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Fermentation in Blood Samples Produce....Alcohol

Fermentation in Blood Samples Produce....Alcohol

Information courtesy of Lawrence Taylor - DUIblog

In a post a couple of days ago, I discussed the necessity of adding an anticoagulant to blood samples taken in DUI cases to avoid an elevated blood alcohol result due to clotting. I also mentioned in that post that if a preservative were not also added to the sample, fermentation can take place. That prompted a number of queries about fermentation in blood alcohol analysis....

Blood is an organic substance and, like any organic substance, will decompose because of enzymes and bacterial action. One of the results of decomposition is that alcohol is created in the blood. In a blood sample originally containing no alcohol, decomposition and resulting fermentation can cause a reading far above the legal limit, depending upon the stage of decay.

To stop or at least slow down this process, a preservative (usually sodium fluoride) is added to the sample, and it should also be refrigerated until analyzed by the crime lab. The amount of preservative, of course, must be sufficient, and it must be actively mixed into the blood sample. While it is common among law enforcement agencies to use 20mg of sodium fluoride, many experts view this as insufficient. See, for example, Dick and Stone, "Alcohol Loss Arising from Microbial Contamination of Drivers' Blood Specimens", 34 Forensic Science International 17 (1987). Further, although labs often take a week or more before receiving and analyzing blood samples, normal levels of sodium fluoride will render the sample stable for only about two days. Kaye, "The Collection and Handling of the Blood Alcohol Specimen", 74 American Journal of Clinical Pathology 743 (1980).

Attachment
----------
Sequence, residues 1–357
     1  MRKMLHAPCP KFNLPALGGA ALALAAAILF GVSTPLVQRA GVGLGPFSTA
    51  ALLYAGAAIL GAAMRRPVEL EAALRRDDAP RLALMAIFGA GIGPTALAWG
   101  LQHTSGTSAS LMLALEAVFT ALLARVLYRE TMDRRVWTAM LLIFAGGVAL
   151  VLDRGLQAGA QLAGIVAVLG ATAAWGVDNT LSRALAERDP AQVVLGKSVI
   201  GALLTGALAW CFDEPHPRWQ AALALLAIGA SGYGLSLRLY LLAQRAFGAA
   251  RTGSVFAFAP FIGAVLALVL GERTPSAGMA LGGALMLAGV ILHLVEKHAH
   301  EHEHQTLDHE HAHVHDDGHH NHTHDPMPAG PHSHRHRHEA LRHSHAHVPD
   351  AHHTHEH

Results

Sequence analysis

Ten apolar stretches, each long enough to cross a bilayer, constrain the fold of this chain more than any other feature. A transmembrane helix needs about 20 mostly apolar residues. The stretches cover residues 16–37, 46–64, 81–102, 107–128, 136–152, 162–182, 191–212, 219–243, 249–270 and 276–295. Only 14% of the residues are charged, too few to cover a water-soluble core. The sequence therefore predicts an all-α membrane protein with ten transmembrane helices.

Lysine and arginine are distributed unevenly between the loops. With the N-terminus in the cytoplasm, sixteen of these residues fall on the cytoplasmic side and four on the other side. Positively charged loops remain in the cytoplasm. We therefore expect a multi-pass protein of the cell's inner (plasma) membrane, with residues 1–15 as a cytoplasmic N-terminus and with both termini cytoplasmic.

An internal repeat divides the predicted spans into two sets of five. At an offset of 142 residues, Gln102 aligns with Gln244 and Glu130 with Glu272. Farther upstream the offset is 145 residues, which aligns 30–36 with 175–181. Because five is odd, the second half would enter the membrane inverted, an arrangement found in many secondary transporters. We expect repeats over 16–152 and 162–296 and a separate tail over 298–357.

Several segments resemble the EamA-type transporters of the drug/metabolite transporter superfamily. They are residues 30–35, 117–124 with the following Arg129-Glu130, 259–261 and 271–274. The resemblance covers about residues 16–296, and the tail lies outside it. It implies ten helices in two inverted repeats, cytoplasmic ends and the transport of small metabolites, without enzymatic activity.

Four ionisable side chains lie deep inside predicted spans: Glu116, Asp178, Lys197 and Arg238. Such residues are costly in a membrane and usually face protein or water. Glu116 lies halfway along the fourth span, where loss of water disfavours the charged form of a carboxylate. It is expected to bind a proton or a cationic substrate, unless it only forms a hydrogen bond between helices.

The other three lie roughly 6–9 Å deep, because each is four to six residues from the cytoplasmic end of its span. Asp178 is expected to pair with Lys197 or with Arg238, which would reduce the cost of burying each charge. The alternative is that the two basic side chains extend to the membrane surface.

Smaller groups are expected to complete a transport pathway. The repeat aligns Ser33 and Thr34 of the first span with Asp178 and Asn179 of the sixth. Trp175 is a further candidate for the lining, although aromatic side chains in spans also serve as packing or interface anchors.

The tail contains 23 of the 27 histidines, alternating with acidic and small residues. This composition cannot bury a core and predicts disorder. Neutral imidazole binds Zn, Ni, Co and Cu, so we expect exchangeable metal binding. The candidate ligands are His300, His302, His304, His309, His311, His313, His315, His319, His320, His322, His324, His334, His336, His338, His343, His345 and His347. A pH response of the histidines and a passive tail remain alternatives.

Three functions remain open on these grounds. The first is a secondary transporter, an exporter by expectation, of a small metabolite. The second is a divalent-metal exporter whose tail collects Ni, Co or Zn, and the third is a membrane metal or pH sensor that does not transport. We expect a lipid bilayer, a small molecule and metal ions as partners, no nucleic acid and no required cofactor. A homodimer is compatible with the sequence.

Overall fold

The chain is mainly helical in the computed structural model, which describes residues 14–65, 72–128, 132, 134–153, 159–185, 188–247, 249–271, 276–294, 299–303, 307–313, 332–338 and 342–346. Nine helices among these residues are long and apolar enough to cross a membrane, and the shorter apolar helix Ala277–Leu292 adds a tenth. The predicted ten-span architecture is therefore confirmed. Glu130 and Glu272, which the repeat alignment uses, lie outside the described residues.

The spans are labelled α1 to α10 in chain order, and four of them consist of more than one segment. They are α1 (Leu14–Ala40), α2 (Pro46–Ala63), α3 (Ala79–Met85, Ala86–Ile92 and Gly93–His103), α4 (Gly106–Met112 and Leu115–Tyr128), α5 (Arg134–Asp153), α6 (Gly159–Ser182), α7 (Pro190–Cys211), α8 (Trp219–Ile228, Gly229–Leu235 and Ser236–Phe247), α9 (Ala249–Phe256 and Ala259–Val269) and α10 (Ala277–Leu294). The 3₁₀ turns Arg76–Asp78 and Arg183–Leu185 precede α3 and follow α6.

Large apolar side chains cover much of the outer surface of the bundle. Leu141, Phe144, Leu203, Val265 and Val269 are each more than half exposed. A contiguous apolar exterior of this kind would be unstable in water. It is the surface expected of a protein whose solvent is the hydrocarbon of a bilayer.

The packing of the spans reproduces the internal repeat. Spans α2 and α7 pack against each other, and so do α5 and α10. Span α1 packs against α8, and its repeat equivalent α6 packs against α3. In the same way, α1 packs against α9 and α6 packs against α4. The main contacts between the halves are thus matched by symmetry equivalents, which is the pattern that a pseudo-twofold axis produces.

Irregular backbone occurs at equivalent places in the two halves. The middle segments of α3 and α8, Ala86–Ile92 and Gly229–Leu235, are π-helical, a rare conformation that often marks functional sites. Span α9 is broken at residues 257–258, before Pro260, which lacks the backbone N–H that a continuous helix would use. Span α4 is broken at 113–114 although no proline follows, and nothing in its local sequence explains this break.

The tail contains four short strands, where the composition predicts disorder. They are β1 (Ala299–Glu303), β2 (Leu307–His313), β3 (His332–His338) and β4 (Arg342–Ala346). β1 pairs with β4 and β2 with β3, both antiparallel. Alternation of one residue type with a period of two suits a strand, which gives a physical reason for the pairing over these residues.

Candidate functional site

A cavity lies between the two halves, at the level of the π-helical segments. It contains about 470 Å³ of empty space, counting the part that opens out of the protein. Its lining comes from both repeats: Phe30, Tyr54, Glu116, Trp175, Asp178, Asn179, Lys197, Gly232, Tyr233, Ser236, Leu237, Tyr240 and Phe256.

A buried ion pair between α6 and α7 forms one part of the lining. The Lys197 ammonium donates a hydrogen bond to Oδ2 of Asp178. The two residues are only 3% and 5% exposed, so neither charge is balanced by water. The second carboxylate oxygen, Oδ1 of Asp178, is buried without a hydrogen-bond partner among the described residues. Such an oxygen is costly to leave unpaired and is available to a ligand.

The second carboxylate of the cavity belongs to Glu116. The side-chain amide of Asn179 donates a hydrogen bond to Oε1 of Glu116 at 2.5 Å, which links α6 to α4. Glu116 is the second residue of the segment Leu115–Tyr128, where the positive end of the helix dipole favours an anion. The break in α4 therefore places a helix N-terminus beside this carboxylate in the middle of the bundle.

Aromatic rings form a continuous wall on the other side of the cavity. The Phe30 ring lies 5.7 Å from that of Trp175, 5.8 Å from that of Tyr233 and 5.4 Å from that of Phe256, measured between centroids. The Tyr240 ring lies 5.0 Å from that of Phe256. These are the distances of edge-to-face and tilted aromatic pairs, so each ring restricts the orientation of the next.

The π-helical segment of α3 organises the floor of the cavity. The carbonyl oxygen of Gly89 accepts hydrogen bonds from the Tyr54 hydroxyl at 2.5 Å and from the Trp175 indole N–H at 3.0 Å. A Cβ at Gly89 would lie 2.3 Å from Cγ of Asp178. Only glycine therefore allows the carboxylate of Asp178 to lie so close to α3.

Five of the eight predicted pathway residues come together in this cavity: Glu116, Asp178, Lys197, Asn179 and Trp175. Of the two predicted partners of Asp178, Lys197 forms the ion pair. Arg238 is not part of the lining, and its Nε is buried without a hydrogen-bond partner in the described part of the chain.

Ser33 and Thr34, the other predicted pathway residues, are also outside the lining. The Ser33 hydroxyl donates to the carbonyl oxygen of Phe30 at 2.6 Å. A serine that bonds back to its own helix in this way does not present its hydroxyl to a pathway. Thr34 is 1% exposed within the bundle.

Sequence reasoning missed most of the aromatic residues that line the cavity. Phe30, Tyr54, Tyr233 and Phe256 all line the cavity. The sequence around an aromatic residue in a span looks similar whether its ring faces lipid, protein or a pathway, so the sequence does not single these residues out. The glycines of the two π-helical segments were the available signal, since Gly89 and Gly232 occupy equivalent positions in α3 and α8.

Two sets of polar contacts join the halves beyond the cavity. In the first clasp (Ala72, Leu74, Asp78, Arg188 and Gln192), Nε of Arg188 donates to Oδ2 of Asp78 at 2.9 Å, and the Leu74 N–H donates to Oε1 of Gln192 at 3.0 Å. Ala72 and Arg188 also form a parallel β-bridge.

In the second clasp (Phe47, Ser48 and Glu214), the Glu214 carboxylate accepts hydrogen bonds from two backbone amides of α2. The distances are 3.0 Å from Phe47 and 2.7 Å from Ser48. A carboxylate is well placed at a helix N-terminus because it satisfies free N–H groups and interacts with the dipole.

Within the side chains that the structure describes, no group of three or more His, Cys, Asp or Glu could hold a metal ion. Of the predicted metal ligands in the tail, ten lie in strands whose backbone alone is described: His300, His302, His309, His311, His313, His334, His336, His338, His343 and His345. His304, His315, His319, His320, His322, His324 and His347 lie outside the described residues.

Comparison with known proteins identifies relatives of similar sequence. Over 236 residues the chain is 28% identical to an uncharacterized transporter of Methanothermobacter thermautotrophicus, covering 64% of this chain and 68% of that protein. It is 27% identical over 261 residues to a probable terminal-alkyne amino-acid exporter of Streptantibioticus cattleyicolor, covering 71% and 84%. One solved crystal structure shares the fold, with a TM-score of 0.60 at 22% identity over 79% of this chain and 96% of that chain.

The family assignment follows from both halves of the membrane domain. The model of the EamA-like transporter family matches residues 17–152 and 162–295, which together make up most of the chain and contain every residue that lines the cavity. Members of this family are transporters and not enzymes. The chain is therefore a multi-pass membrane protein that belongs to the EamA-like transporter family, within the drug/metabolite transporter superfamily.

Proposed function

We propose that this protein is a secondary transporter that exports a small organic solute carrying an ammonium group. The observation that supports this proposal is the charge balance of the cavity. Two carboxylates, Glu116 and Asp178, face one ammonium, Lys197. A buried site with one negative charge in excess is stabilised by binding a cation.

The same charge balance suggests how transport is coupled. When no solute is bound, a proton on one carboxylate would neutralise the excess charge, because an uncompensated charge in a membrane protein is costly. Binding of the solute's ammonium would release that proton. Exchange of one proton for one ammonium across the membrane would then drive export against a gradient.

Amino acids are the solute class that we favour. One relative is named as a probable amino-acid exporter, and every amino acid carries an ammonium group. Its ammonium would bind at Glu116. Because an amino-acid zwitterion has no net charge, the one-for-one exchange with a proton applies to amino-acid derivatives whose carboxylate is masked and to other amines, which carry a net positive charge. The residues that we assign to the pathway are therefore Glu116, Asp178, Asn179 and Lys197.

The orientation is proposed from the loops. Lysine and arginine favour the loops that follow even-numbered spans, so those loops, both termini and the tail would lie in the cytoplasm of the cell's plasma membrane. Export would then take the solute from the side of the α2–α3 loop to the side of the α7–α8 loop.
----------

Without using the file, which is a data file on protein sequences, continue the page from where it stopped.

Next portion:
To complicate things further, not all microorganisms are affected by sodium fluoride. As researchers have discovered, one such microbe that is commonly found in the human body is Candida albicans:

It has been shown that several microorganisms occasionally found in blood specimens are capable of producing ethyl alcohol. Although (one study) found that sodium fluoride effectively inhibited alcohol production from a variety of microorganisms, one -- Candida

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